# 1) Converting Continuous Data to Categorical Data.

This Blog entry is from the Naive Bayesian section in Learn R.

Start by loading the CreditRisk dataset using the base read.csv() function,  to assure that strings are converted to factors.

``CreditRisk <- read.csv("D:/Users/Trainer/Desktop/Bundle/Data/CreditRisk/German/CreditRisk.csv")``
``View(CreditRisk)``

Run the block of script to console:

The View() function will load the dataset in the R Studio Viewer:

There are several vectors that are not appropriate for Bayesian analysis as they are continuous:

·         Requested_Amount.

·         Installment_Percentage_Of_Disposable_Income.

·         Present_Residency_Since.

·         Age.

·         Number_Of_Existing_Credits_At_This_Bank.

·         Dependent_Persons.

There are a variety of ways to convert the continuous values to categorical data, yet in this example we will focus on binning on a single vector, Age.  In this example, the Age will be broken into commonly used Age brackets:

·         18-24 Years old.

·         25-34 Years old.

·         35-44 Years old.

·         45-54 Years old.

·         55-64 Years old.

·         65-74 Years old.

·         75 Years or older.

It would be possible to use a series of logical statements to make the slice, or cut, between the values in this continuous series of data, but it would be quite cumbersome.  Fortunately there is a function that can simplify this for us, the cut() function.  The cut function takes a vector of data, and a vector of points to make the cut, returning a string denoting the range.  To make the cut based on the ranges described:

``Age <- cut(CreditRisk\$cut,c(18,24,34,44,54,64,74,999)``

Run the line of script to console:

The head() command can used on Age to confirm that it is indeed a factor and that the levels have been apportioned:

``head(Age)``

Run the line of script to console:

Having created a factor for Age, it is necessary to overwrite the vector in the CreditRisk Data Frame.  This is a simple procedure of targeting the Age vector in the data frame as the target of assignment for the Age factor:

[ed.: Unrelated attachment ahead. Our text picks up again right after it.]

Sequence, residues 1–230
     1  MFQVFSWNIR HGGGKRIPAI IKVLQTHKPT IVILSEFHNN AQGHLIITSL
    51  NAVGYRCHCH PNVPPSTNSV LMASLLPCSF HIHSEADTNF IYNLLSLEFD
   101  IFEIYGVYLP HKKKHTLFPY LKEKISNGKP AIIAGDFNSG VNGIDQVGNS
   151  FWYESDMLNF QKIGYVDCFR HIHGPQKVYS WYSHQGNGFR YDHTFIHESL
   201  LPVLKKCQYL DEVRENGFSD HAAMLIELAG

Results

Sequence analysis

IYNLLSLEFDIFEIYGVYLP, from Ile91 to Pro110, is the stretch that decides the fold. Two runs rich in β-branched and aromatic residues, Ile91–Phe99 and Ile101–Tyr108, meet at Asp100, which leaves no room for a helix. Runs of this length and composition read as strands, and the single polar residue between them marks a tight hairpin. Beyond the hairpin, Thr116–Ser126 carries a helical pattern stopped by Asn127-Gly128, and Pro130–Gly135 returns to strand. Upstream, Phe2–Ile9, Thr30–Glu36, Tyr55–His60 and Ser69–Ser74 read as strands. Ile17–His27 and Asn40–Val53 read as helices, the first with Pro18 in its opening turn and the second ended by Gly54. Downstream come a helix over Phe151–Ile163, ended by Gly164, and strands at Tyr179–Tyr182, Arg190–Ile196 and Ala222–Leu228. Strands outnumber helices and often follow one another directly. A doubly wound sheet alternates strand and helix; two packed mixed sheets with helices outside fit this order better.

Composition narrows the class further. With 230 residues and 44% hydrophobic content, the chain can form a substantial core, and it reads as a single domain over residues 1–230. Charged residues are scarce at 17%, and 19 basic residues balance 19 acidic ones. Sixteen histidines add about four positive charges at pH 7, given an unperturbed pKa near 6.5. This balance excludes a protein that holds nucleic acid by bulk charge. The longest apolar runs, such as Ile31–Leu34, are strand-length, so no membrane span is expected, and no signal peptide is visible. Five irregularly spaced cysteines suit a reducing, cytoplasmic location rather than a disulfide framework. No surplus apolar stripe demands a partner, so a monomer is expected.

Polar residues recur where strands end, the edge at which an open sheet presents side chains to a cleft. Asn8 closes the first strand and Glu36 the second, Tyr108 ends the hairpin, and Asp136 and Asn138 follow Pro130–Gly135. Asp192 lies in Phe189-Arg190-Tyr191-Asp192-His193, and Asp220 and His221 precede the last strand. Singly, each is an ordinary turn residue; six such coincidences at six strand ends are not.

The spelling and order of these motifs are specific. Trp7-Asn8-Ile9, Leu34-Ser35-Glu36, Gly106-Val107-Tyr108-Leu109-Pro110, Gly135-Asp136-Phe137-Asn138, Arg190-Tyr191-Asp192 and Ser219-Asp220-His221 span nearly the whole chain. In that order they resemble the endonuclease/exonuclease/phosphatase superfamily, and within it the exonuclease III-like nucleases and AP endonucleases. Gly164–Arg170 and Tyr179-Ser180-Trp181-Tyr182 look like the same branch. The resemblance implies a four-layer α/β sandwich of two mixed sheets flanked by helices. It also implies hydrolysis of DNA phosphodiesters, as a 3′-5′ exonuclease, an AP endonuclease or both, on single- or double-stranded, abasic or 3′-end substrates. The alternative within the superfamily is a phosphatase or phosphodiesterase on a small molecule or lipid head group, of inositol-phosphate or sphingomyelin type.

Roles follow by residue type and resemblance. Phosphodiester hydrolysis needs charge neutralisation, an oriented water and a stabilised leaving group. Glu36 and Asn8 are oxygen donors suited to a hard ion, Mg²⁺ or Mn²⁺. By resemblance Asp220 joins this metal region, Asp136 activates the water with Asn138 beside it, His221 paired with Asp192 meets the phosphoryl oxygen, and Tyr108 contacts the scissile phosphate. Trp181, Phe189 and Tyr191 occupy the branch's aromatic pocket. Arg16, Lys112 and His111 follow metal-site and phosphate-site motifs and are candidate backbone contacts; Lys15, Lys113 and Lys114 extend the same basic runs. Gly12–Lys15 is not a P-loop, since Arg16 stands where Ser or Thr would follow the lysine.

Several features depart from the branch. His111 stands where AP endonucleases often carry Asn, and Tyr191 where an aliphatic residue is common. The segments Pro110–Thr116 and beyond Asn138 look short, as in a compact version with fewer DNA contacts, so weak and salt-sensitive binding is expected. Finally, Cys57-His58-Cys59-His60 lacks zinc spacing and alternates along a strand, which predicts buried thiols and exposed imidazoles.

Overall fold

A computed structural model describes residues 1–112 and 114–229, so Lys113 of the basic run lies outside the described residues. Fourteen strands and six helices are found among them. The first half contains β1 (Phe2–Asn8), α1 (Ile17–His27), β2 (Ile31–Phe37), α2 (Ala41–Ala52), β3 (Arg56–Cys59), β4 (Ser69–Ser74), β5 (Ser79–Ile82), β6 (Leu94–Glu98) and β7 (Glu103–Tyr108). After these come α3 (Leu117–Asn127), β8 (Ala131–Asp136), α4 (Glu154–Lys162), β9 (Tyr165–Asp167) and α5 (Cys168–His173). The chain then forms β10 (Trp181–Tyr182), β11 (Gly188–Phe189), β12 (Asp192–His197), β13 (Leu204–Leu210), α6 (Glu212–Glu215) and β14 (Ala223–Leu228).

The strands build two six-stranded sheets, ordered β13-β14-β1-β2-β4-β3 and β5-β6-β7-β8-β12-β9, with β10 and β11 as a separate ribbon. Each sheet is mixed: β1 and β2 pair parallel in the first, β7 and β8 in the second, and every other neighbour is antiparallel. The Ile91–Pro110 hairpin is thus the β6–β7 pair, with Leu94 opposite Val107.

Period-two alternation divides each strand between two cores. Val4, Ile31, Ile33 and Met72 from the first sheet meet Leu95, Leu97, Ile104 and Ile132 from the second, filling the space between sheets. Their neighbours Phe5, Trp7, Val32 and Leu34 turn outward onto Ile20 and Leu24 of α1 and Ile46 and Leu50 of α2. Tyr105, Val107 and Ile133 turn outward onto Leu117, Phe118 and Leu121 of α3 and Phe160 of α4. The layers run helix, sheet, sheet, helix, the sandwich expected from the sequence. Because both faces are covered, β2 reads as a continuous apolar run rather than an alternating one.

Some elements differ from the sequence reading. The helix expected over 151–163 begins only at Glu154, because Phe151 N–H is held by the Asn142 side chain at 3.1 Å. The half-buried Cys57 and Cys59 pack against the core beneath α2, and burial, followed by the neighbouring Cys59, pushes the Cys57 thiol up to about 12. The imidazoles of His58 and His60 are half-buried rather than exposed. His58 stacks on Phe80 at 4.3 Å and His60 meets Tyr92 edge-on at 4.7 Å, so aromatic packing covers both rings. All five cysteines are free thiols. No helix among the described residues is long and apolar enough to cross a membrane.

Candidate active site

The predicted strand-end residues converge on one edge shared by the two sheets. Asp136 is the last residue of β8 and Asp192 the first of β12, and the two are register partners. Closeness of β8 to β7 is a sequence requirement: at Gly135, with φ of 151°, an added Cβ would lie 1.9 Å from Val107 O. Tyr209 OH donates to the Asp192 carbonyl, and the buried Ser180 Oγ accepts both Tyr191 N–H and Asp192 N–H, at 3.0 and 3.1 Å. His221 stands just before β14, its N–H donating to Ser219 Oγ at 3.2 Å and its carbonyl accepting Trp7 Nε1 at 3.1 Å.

`` CreditRisk\$Age <- Age``

Run the line of script to console:

Check that the assignment has indeed transformed the CreditRisk\$Age to a factor peeking the head() function:

``head(CreditRisk\$Age)``

Run the line of script to console:

It can be seen that the continuous variable has been transformed.

Repeat for the remaining continuous variables, perhaps using the hist() function to identify appropriate thresholds, as the following example:

``#Bin``
``Requested_Amount <- cut(CreditRisk\$Requested_Amount,c(0,5000,10000,15000,20000))``
``Installment_Percentage_Of_Disposable_Income <- cut(CreditRisk\$Installment_Percentage_Of_Disposable_Income,c(0,1,2,3,4,5,6,7,8,9,10,999))``
``Present_Residence_Since <- cut(CreditRisk\$Present_Residence_Since,c(0,1,2,3,4,5,6,7,8,9,10,999))``
``Number_Of_Existing_Credits_At_This_Bank <- cut(CreditRisk\$Number_Of_Existing_Credits_At_This_Bank,c(0,1,2,3,4,5,999))``
``Dependent_Persons <- cut(CreditRisk\$Dependent_Persons,c(0,2,3,4,5,999))``
``Duration_In_Month <- cut(CreditRisk\$Duration_In_Month,c(0,20,40,60,999))``
``#Allocate``
``CreditRisk\$Requested_Amount <- Requested_Amount``
``CreditRisk\$Installment_Percentage_Of_Disposable_Income <- Installment_Percentage_Of_Disposable_Income``
``CreditRisk\$Present_Residence_Since <- Present_Residence_Since``
``CreditRisk\$Number_Of_Existing_Credits_At_This_Bank <- Number_Of_Existing_Credits_At_This_Bank``
``CreditRisk\$Dependent_Persons <- Dependent_Persons``
``CreditRisk\$Duration_In_Month <- Duration_In_Month``

Run the block of script to console:

It can be seen that from the data view pane in R studio, that for this data frame all components are now factors and so therefore appropriate for Bayesian Analysis:

This procedure requires a lot of typing and to facilitate smooth learning, a copy of the procedure has been saved in Bundle\R\Cut.r.